Although most tourists concentrate on the South Rim, there are actually a lot of off-the-beaten-path trails on the North Rim to discover if you’re up for some serious adventure and a more secluded visit. This part of the park is frequently ignored by travelers, giving it a more personal feel and adding to the whole experience’s sense of adventure!

Antelope Canyon

The stunning natural beauty of Antelope Canyon, which has been dubbed the “most photographed slot canyon in the American Southwest,” has made it one of Arizona’s most renowned hiking spots. The canyon was carved by floods flowing down into the sandstone fissures, resulting in a beautiful mix of hues caused by light reflecting off the rocks.

Guided tours are required to visit Antelope Canyon, located on private land within the Navajo Nation. The popular option is the Upper Antelope Canyon trip, which receives more sunlight and reaches up to 120 feet in height. The Lower Antelope Canyon tour is similarly awe-inspiring, wrapping visitors in a swirling embrace of sandstone cliffs.

While the hiking terrain in the area is mostly flat, the sand and sandstone surface can be tricky for some. Upper Antelope Canyon, the easier portion of the canyon to explore, is accessible from ground level. Visitors return to the parking lot by hiking for 20 minutes on sandy tracks with sections of steep metal stairs and walkways.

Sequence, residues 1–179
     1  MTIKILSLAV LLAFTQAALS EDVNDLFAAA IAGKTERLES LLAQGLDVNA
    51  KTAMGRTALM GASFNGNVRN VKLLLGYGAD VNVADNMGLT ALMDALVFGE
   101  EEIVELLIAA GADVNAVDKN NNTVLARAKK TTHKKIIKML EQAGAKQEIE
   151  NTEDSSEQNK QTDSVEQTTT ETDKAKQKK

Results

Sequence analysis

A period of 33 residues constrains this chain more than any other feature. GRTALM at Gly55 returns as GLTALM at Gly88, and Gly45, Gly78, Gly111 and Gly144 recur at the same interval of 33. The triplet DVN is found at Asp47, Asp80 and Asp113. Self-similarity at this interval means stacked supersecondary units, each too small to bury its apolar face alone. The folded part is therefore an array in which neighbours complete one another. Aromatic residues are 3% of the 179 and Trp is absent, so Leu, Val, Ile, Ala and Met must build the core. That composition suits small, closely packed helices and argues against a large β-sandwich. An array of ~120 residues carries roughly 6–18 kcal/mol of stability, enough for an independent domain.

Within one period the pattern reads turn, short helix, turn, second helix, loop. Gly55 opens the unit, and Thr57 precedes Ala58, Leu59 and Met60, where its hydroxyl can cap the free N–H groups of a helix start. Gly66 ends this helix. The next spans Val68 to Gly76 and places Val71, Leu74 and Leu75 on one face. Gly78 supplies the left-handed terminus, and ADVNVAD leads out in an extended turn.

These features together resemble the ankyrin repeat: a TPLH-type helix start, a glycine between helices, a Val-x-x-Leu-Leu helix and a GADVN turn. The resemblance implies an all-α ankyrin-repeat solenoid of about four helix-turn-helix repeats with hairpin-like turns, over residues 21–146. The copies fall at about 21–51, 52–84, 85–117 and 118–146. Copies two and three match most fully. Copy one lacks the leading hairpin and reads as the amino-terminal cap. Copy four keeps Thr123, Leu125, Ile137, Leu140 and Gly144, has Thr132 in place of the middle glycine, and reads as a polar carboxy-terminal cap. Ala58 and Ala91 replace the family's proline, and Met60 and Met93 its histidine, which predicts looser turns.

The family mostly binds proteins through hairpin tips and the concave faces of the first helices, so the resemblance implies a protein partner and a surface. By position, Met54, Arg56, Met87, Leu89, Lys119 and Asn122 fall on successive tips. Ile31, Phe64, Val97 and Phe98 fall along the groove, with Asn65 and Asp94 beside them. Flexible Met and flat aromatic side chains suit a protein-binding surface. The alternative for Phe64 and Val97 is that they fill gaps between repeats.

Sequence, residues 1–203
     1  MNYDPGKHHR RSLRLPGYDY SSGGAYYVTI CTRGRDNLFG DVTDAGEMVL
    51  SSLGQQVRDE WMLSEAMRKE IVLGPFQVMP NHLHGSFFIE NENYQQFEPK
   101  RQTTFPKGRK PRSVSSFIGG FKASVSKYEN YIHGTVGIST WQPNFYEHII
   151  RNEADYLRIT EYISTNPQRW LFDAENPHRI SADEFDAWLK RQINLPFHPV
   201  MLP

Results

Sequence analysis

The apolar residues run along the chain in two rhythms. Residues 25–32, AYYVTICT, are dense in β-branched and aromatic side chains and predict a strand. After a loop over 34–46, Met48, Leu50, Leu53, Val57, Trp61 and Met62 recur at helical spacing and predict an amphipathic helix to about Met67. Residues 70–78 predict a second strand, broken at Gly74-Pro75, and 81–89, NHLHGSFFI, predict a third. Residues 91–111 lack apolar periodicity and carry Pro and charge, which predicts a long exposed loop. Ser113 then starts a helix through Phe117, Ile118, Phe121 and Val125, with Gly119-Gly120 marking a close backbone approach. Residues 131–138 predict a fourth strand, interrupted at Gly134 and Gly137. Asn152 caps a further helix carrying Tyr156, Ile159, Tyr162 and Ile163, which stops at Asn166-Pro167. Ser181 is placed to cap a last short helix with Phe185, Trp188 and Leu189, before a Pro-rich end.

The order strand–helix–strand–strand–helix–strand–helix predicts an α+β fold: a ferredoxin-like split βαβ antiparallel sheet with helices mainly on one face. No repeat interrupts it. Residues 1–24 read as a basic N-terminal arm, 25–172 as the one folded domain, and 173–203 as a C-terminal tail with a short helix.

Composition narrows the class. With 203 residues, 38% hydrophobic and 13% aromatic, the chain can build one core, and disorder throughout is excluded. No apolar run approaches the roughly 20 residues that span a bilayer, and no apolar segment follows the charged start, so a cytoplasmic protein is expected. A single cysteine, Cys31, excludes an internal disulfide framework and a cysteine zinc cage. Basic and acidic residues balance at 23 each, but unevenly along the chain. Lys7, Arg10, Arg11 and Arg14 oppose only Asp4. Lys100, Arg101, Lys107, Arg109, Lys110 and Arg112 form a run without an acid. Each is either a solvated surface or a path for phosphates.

The more daring are drawn to Lower Antelope Canyon, which has a longer sandy hike to the canyon and several elevation changes via stairways and ladders in order to enter the canyon. The 9.8-mile Page Rimview Trail offers more hiking time for hikers. The trail leads to spectacular rock formations in the area, including views of the canyonlands, Lake Powell, and Glen Canyon Dam.

Petrified Forest National Park

petrified forest national park

A whopping 225 million years ago, this area was once covered by volcanic eruptions that deposited silica-rich ash, which eventually became buried by trees that arrived during a period of heavy flooding and were entombed. Water then crystallized the silica, resulting in sparkling quartz.

Today, the logs have been uncovered once again, transforming the park’s main attraction, The Painted Desert, into a rainbow of multicolored hues.

Grab your car keys and take the scenic road to get an overview of the park, but if you’d rather get a closer look at the sights, there are several hiking routes accessible that will make you feel as though you’re walking on a galaxy far, far away!

Saguaro National Park Tucson

Saguaro national park

The Saguaro National Park is located in Tucson, Arizona, and is known for its iconic saguaro cacti. The park offers a variety of activities, including hiking, biking, and bird watching.